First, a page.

Related to this... if a person decides they want to enlist and to do the SMP program, do they arrange that through the ROTC recruiter, the local Recruiter, or both?
     
  7. Aglahad

    Aglahad Member

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    For SMP I would just got through the ROO, most recruiters barely know what SMP is.

    "I have a quick question. If I go to college. Who do i talk to about the ROTC program and about the ROTC scholarship? Do i talk to a recruiter or visit the campus and talk to the instructor of the program?"

    Jtan,

    As I said in our conversation, nothing matters until you become a citizen. They will just turn you away and say try again later.
     
  8. Jcleppe

    Jcleppe Member

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    Well that was an important piece of information that was left out of the original post, would have saved a lot of writing.
     
  9. Packer

    Packer Member

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    Yep, last year my son had lots of recruiter calls. They can be pretty persistent.
     
  10. jtan23

    jtan23 New Member

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    So basically I can't do the application for the scholarship? My parents already sent the mail for my Citizenship. They said it takes 4 months. So I can't really do anything with the ROTC scholarship?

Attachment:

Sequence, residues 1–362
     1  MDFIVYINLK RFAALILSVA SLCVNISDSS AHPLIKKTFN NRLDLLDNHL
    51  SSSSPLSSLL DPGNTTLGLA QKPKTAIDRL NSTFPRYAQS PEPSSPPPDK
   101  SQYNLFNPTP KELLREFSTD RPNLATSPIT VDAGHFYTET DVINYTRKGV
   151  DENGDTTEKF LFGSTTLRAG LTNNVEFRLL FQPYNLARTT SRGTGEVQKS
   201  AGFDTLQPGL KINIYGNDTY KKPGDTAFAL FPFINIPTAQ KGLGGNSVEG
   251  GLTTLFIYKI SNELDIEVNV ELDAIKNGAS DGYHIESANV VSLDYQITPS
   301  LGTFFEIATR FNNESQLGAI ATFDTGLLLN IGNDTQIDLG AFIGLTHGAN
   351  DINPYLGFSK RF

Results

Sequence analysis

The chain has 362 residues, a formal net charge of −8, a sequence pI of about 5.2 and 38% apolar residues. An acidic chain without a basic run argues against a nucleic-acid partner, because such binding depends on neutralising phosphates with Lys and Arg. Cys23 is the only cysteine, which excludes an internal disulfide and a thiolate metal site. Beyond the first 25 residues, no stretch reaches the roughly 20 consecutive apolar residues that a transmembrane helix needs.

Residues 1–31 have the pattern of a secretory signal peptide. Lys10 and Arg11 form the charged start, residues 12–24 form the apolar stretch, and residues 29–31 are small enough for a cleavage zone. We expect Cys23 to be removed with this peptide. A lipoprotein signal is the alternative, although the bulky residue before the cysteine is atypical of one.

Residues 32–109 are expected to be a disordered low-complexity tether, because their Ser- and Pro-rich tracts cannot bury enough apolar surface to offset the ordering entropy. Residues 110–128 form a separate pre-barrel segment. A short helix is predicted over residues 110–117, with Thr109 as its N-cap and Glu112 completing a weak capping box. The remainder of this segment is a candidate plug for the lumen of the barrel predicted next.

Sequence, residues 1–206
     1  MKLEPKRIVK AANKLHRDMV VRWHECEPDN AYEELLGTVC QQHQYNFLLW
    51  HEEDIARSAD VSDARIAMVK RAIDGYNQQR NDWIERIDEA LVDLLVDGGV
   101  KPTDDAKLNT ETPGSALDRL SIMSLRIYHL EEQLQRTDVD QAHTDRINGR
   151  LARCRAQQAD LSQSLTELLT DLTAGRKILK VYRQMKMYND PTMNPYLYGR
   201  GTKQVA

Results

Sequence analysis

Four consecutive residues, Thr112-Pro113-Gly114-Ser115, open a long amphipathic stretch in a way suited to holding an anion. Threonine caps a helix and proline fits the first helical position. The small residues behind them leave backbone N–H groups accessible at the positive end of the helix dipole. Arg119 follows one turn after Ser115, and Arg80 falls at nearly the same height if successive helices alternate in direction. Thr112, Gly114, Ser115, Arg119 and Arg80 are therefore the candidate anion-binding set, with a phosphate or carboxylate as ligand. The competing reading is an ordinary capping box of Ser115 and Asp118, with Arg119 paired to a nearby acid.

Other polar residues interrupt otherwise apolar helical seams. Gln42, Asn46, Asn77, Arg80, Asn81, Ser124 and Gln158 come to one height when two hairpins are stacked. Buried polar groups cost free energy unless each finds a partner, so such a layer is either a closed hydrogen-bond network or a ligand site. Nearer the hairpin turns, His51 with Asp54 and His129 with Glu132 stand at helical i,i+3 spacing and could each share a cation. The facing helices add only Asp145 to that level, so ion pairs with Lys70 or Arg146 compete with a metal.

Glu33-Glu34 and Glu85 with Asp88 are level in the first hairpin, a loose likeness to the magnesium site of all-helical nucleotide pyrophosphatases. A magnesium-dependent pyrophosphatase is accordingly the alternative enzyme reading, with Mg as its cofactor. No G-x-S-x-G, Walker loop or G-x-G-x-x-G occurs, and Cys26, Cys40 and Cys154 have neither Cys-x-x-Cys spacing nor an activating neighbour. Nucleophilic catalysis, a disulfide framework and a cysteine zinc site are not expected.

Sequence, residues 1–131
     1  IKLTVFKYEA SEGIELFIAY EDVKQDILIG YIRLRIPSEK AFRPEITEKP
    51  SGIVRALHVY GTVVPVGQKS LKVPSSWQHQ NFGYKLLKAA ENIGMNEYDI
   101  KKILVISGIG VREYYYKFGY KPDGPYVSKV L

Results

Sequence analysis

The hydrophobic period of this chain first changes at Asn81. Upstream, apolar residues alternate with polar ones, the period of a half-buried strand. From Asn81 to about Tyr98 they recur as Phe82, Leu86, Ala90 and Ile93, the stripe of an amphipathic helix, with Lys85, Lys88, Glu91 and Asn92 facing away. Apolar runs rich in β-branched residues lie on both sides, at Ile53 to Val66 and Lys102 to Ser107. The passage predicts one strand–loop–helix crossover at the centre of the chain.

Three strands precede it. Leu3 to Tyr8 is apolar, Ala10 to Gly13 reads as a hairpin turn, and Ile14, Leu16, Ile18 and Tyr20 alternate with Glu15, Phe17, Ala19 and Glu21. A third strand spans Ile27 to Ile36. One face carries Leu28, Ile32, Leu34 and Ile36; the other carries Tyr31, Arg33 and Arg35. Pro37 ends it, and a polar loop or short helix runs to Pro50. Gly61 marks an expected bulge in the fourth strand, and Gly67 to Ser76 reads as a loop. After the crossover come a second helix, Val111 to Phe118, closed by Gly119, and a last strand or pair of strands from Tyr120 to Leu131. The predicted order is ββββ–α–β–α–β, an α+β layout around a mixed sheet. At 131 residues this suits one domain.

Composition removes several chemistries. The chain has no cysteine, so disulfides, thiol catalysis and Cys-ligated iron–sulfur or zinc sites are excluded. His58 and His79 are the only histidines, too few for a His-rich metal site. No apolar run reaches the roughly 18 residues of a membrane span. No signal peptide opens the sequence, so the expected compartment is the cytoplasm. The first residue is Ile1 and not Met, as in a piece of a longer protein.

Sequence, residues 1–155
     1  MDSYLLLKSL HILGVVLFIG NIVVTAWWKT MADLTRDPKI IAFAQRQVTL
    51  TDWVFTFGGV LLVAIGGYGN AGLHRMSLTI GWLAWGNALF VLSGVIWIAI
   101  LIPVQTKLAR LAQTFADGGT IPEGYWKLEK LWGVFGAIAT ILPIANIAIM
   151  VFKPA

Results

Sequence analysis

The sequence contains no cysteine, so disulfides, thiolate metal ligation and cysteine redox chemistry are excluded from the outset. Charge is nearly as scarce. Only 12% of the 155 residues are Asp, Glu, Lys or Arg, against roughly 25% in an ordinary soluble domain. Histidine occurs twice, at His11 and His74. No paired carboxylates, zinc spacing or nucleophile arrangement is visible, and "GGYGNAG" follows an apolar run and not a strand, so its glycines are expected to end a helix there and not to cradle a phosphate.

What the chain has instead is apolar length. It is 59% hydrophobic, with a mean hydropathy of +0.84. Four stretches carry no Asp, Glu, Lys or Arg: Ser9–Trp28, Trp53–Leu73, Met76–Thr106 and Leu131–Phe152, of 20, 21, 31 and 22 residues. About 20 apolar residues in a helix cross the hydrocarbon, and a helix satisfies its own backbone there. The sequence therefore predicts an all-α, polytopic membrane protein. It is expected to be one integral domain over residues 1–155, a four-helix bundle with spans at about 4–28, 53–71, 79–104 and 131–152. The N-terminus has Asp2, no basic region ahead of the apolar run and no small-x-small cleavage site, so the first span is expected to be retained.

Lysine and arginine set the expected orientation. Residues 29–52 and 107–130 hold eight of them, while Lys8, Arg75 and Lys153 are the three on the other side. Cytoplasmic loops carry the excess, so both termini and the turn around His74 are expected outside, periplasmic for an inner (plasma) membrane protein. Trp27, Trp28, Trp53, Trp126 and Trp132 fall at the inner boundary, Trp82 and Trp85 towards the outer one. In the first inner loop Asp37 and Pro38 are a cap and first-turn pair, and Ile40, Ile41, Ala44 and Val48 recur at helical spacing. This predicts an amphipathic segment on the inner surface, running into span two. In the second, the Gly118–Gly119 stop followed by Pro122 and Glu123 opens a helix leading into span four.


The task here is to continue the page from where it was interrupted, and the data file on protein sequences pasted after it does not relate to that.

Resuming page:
Even without the scholarship can i still join the ROTC program? and Can I sign up the ROTC scholarship later when I get my citizenship?
     
  11. Aglahad

    Aglahad Member

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    Since ROTC is open to anyone for the first two years I the program I don't see why you couldn't join then battalion.

    It's applying not signing up for the scholarship. Nursing slots are getting slashed by the army at a steady rate and the nursing scholarship is conditional, meaning that if your pre nursing grades aren't good enough and the school of nursing rejects you ( we had 350 apply for 80 slots my year) you could easily lose that full ride. Nothing is guaranteed.
     
  12. VB DAD

    VB DAD Member

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    Dear jtan23,
    I do encourage you to file a scholarship application, check dates and see how late you can leave it to apply. You are correct in saying that your N600 will take 4-5 Months to process from the date you send it. The N600 is not to be confused with the N400 (Naturalization) for readers of this post. A friend of ours went through the same problem; don’t despair people are all too ready to assist you in your quest to become an Officer. Our friend filed an N600 and made a phone inquiry at USCIS after 3 months, they informed them of her wish to apply for an Army ROTC Scholarship and were in need of proof of Citizenship, they handed it to her in 48hours, maybe the agent was ex-ROTC with a kindly heart.
    Our friend’s daughter did not take her Citizenship certificate to her PMS interview, but remembered everything else. The PMS said that wasn't a problem and she scored the max. It was pointed out to her that when you attend school that proof of Citizenship and SS card were a must to contract, no leeway.
    Your most important task after you receive your certificate is change your status with the Social Security Admiration, which I didn't think of, but everything seems to revolve around them, DHS, FASA, etc.
    Good luck.
     
  13. jtan23

    jtan23 New Member

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    Thank you,